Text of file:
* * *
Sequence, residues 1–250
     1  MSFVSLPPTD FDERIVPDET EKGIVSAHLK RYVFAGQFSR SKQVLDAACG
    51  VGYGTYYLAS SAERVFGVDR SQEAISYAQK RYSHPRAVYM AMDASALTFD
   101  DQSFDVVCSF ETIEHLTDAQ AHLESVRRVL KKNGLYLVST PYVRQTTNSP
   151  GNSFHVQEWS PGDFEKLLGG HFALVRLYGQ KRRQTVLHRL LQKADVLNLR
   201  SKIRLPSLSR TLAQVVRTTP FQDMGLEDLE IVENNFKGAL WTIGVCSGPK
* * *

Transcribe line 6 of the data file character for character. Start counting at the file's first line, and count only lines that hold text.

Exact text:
   201  SKIRLPSLSR TLAQVVRTTP FQDMGLEDLE IVENNFKGAL WTIGVCSGPK